For the marketers out there, how often have you received pushback from IT for your ideas for a website redesign that focuses on lead generation, or from the CFO for trying to justify hiring an agency to develop social and email marketing campaigns for you? It comes as no surprise then that 87% of the terms sales & marketing use to describe each other are negative.
Marketing isn’t just what consumers see in their sidebar on Facebook or down their newsfeed on Twitter. It isn’t just the mobile ad that pops up when they open certain apps on their phone or the display ad on their YouTube video. If only it were that simple! Marketing goes beyond that. It is how consumers interact with your product, the experience they have with a person at your company and one of the other many touch points that combine to create the entire experience with your brand. With this in mind, marketing requires buy-in, not just from the marketing team, but also from every team in your organisation.
As well as selling your product, you probably want your sales team to know why your company is different from the competition and what the company is working to achieve for the greater good. In fact, knowing these facts will help a sales representative sell the product more effectively. Same goes for your customer services team, technical services team, creative team, executives and so on.
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So how do you get buy-in from the other teams within your company so you can stay committed to your marketing efforts and crush any communication and goal alignment issues you may be facing?
Establish core values and beliefs
For some businesses, their values and beliefs are oozing from their very core. Think about TOMs shoes. You instantly feel green and sustainable as soon as you interact with this brand. This is because they have core values and beliefs that each employee exudes. Do your employees know the value your company provides the customer? Do they know the different personas of each one of your customers and what drives/interests them? Who your competitors are and why your company is better?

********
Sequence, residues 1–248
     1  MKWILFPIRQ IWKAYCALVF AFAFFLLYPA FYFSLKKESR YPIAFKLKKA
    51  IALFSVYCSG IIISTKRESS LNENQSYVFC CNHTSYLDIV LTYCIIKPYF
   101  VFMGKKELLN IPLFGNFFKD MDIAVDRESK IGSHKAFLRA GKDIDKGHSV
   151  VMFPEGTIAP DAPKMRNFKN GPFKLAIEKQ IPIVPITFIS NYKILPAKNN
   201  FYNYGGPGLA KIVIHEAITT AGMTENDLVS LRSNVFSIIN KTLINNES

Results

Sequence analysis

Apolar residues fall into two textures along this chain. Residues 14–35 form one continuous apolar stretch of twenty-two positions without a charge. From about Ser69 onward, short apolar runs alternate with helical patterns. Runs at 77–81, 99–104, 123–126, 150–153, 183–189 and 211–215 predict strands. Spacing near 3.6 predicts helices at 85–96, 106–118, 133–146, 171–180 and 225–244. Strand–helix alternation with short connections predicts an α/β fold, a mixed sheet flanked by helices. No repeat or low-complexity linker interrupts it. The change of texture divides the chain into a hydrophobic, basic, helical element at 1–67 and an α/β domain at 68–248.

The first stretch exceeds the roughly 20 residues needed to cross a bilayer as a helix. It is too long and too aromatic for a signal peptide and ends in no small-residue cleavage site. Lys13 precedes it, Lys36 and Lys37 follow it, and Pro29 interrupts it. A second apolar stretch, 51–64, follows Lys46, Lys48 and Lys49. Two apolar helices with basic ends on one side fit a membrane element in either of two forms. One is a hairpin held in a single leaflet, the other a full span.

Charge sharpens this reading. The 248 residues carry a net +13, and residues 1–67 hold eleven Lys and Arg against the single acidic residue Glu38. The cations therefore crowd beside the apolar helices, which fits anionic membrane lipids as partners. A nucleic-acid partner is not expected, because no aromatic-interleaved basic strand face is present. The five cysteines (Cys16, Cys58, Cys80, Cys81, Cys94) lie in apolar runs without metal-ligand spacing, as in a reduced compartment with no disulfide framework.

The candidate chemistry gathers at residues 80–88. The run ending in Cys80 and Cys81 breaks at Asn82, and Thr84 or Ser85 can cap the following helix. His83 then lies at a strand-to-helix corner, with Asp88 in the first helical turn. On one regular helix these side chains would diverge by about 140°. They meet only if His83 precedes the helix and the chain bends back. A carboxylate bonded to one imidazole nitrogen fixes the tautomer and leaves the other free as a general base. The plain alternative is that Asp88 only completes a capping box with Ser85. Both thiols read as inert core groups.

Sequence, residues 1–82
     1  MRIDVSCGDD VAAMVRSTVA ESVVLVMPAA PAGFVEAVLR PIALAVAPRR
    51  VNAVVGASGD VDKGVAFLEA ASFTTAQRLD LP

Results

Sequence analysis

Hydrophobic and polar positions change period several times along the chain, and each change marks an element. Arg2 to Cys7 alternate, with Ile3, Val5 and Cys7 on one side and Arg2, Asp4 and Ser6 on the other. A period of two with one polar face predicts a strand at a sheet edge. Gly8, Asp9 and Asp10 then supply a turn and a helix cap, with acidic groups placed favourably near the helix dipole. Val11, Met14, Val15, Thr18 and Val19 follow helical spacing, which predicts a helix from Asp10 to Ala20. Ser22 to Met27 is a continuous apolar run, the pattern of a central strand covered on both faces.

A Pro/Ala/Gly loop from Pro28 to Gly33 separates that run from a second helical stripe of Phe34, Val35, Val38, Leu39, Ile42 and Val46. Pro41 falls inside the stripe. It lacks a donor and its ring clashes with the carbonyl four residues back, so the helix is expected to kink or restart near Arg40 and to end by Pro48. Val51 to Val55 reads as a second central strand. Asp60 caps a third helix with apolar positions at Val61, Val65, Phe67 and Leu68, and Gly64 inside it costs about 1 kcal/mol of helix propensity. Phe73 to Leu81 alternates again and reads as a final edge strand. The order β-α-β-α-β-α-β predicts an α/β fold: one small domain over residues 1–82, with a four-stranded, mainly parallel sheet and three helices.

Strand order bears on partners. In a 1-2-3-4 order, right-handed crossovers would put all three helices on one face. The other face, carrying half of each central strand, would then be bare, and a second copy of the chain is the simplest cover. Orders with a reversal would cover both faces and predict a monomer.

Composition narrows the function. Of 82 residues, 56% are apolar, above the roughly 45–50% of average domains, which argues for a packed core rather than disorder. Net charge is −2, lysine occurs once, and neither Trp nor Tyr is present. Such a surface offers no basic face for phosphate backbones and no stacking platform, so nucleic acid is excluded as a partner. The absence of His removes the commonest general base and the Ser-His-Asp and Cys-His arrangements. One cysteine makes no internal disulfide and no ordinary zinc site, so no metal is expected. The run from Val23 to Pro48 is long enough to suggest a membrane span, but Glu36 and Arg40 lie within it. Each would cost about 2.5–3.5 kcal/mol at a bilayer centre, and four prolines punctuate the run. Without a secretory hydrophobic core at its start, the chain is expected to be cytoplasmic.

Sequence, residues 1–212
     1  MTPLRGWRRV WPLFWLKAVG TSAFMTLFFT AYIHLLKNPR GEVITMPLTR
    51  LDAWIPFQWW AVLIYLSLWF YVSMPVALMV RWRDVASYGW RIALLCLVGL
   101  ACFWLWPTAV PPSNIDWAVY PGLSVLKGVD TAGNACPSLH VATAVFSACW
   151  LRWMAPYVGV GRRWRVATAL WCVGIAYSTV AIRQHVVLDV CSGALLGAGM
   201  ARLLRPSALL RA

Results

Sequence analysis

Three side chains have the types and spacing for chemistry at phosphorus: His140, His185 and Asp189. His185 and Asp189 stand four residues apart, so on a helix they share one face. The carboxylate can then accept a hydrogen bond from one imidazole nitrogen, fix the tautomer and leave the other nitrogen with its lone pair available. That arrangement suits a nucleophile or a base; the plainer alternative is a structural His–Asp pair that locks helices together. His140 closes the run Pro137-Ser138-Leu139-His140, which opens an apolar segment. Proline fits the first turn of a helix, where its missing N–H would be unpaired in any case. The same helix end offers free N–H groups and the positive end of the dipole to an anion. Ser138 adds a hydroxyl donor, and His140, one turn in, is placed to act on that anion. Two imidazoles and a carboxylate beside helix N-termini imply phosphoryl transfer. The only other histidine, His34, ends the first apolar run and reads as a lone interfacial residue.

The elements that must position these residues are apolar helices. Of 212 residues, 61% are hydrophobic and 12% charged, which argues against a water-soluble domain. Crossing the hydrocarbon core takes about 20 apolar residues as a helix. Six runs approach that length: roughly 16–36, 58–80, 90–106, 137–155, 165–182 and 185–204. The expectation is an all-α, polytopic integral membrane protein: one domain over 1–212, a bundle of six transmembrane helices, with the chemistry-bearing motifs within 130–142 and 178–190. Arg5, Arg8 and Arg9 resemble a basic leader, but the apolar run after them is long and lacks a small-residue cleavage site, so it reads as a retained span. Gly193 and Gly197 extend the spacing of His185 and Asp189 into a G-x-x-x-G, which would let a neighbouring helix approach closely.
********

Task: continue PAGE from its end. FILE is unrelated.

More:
Get on the same team
Align sales and marketing teams (turn them into smarketing teams) by getting behind the same goals. One way to do this is to start speaking the same language, so focus on hard data and revenue. It’s imperative to explain that the marketing team wants to do what’s best for the company, even if that means a little spend in the beginning. A thorough marketing pipeline will affect the sales quota, therefore eliminating the time the sales team chases cold or dead leads. Equally, it is important to communicate your marketing strategy with each team so they understand what the strategic priorities are for the marketing team – are you running a campaign to drive newsletter sign ups, is there a competition running on Facebook where consumers can win?
Align Personas with the sales team
Communicate persona details across the company and educate each team about buyer persona changes. Your customer services and sales team know your consumer inside out too and may be able to give useful insight into trending topics or pain points that the marketing team could solve. Inviting them to help inform your marketing plan also helps to give other teams a sense of ownership and involvement, leading to support for your strategy. This is important because if your company is large enough, you can specialize teams around particular buyer personas. Think of how banks have separate sales and customer service teams for different products catered to different income brackets. This is because it’s harder to communicate with and sell a mortgage to a client whose only concern is to start saving their monthly salary.
Encourage employee advocacy
Employee advocacy is becoming more and more of a buzz word because what better marketing can you get than by your consumer or your employee? Putting together an employee advocacy program where employees receive prizes for bringing in qualified leads or sales by sharing on their Facebook, Twitter or LinkedIn is one way to not only inform your employees of your marketing strategies, but also get them involved.
Start at the top
Each team can add value to a marketing strategy but your executive team is likely to add the most value for many reasons. They will be the ones to give the approval for hard costs such as Simply Measured for social, HubSpot for marketing automation, or Doubleclick for advertising. They are also likely to have a well-established social media presence already and utilizing this space to sell them as thought-leaders in your industry can be invaluable.
Working to align your marketing goals with your company can be a difficult feat – you may have to face conflict and challenge. However the impact it can have on your company if you succeed can be huge and it is a step in the right direction. What tactics do you use to sell your marketing strategy to the rest of your company?